Mountainfilm: “I Am Able”
Jacob and Isaac Seigel-Boettner’s “I Am Able” screens at Mountainfilm on Saturday, May 23, The Nugget, 5:45 p.m.; Sunday, May 24, twice: Telluride Library, 9:15 a.m., part of Mountainfilm on Tour and Mountainfilm for Students presentation and Masons Hall, 6:45 p.m.
See notes below about other appearances by the “I Am Able” Team and scroll down to hear a podcast with Jacob and Isaac.
Several hard-hitting, poignant films.
One big idea.
The films by brothers and co-directors Jacob and Isaac Seigel-Boettner are all about empowerment through cycling, bikes as tools of change.
Case in point.
In 2011, Jacob and Isaac brought “With My Own Two Wheels” to Telluride Mountainfilm. The short feature weaves together the experiences of five individuals into a single story about how the bicycle can change the world one pedal stroke at a time, transporting riders out of poverty, towards an education, and over the mountains of social and cultural discrimination – and despair.
The newest film from Pedal Born Pictures, “I Am Able,” screens over Memorial Weekend at Mountainfilm 2015.
As a boy Frederick Ndabaramiye witnessed one of the worst genocides in history. At age 15, (in 1994), he was riding a bus that was overtaken by Interahamwe (Rwandan) militia, on a 100-day violence spree that ultimately claimed over 800,000 lives.
The rebels demanded Frederick kill his fellow passengers. When he refused, they killed everyone themselves, then took the teen into the forest, cut off his hands with a dull machete and beat him. Frederick was left for dead.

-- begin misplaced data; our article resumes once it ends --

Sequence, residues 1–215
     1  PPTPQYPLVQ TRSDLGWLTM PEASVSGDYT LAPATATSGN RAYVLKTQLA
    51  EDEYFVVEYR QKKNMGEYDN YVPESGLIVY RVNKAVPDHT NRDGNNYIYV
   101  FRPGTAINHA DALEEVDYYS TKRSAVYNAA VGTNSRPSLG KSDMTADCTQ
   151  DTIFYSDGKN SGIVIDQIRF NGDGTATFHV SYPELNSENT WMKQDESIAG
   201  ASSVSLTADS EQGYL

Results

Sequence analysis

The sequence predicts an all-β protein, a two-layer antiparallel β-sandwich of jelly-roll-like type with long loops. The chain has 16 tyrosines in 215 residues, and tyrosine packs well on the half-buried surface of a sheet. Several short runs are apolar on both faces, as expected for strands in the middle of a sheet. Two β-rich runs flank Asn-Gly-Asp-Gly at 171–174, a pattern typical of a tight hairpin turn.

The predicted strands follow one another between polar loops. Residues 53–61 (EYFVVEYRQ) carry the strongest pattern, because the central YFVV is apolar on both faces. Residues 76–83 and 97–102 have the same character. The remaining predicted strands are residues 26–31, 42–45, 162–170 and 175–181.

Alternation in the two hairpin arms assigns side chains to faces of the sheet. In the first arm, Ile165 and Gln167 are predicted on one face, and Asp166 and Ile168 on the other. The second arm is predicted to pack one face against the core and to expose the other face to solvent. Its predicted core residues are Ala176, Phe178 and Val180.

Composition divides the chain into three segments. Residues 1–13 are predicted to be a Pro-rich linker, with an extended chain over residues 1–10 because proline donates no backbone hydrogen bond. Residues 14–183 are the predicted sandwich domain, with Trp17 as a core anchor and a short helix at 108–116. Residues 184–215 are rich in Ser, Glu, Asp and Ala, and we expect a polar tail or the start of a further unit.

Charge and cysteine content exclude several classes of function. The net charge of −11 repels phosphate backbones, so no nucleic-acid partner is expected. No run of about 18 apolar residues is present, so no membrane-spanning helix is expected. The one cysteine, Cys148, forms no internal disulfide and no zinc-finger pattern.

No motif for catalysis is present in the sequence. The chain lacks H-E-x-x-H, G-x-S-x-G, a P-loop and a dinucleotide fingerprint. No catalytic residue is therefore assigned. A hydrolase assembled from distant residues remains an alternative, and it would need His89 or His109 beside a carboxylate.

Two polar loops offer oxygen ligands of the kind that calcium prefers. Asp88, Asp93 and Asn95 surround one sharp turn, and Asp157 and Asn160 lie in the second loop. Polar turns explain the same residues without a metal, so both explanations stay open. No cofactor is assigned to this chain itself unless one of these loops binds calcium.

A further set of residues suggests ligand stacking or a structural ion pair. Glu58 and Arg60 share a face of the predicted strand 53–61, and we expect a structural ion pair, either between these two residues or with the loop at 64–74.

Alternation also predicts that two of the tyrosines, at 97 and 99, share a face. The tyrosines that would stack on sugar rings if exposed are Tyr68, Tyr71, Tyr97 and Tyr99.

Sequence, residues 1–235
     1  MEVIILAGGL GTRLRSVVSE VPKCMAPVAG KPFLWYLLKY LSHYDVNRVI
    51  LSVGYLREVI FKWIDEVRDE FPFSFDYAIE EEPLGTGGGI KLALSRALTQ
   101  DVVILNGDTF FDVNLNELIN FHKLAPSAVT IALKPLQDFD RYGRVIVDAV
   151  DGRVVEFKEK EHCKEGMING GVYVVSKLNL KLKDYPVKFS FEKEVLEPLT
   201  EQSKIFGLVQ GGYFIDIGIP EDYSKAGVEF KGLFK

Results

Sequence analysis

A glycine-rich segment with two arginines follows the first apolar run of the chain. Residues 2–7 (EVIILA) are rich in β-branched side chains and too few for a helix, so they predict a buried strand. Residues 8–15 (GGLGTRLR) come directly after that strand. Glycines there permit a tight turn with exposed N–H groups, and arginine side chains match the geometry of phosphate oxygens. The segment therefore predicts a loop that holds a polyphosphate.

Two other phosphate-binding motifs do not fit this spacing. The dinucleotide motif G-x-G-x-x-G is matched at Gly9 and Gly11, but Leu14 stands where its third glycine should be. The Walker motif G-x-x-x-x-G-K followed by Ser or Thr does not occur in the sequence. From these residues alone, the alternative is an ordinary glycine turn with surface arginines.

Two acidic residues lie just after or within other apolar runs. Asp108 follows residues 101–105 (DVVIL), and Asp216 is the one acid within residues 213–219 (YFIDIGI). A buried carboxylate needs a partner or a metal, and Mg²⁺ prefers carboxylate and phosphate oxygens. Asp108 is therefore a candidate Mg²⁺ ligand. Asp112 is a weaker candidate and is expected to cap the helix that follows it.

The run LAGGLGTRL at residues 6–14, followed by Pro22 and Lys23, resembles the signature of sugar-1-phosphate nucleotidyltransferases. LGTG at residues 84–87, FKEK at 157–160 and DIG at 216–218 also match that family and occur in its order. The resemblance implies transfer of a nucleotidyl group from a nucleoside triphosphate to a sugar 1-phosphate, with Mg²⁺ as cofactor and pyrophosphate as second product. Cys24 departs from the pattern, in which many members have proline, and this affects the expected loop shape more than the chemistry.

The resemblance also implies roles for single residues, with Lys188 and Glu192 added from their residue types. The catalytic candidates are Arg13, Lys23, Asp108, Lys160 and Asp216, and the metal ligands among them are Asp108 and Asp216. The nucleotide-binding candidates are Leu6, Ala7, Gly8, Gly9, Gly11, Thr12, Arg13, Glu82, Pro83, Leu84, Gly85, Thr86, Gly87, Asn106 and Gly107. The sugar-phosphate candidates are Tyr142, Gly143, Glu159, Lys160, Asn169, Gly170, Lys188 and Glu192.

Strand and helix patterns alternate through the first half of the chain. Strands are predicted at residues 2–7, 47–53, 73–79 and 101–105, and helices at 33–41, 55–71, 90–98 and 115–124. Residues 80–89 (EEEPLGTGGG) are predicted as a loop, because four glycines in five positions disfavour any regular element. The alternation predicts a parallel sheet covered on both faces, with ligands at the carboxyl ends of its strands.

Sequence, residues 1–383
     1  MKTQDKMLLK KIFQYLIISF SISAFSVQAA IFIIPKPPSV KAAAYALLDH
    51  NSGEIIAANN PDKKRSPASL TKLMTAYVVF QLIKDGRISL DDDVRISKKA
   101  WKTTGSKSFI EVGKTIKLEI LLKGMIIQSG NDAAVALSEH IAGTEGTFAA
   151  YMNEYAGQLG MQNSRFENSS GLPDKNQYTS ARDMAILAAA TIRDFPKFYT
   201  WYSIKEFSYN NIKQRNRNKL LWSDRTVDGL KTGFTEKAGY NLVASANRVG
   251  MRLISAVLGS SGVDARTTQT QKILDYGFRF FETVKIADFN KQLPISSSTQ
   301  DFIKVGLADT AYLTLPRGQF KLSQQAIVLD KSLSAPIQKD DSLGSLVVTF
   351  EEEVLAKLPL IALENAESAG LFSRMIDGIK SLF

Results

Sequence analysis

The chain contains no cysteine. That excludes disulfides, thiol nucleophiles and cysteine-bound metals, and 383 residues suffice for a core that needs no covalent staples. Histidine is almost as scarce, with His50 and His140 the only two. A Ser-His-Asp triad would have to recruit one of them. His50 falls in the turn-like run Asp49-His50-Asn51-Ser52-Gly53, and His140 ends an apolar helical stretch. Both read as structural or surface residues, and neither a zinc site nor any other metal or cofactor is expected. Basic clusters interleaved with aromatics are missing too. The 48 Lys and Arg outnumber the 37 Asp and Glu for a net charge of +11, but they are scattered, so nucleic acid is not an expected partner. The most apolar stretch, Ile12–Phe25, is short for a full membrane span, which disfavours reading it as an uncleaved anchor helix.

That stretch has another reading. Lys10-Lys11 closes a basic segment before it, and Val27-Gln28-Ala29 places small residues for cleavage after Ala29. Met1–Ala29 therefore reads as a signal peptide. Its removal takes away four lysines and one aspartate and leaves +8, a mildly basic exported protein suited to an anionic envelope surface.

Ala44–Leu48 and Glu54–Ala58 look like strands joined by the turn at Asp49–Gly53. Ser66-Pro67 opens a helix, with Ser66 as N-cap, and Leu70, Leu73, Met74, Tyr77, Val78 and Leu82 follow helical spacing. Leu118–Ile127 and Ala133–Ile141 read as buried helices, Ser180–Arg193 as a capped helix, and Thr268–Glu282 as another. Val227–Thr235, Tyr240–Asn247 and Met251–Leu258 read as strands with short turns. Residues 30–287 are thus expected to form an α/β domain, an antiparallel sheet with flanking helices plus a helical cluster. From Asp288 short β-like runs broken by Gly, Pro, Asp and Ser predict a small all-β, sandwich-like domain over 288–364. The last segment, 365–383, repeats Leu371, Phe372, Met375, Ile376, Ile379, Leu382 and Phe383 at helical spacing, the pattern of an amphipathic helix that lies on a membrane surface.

But Frederick Ndabaramiye did not die. He went into a six-month coma, but remained in a hospital recovering for a full year. Recovering emotionally, however, was a whole other story, which unfolded happily in the Imbabazi Orphanage, where Frederick was able to teach himself how to feed, bathe, and dress with no hands.
And ultimately to paint and cycle.
Amidst his long, but determined recovery, Frederick launched the cycling team that today rides through rural villages to spread its message, one familiar to those familiar with the Telluride Adaptive Sports Program: disability is not an inability and we are all able to do what we want to do, just differently. Frederick proves it by cycling with no hands.
Today, Frederick Ndabaramiye is an artist, world speaker, co-founder and director of the Ubumwe Community Center for disabled in Gisenyi, Rwanda. He is also co-founder of “I Am Able.”
Jacob and Isaac Boettner were hard-wired to make cycle-centric movies. They both literally came home in a bike trailer from the hospital where they were born. They grew up mountain-biking, ultimately racing. When Jacob was 13, the family took a four-month bike trek across the U.S., retracing the path of Lewis and Clark. But neither brother ever intended to be a filmmaker.
To learn more about Jacob and Isaac and their work, click the “play” button and listen to their story.
Other events featuring Team “I Am Able”
-Frederick will be exhibiting the paintings that he created for the film as part of the Gallery Walk on Friday, starting 3:30 p.m., Ah Haa. The paintings will be on display and for sale throughout the festival.
– Jacob and Isaac are participating in the “Back to the Bike” Coffee and Conversation on Sunday at 8 a.m. Ah Haa East.
-Frederick will be participating in the “The View from Africa” Coffee and Conversation on Monday at 8a.m. Honga’s Lotus Petal.
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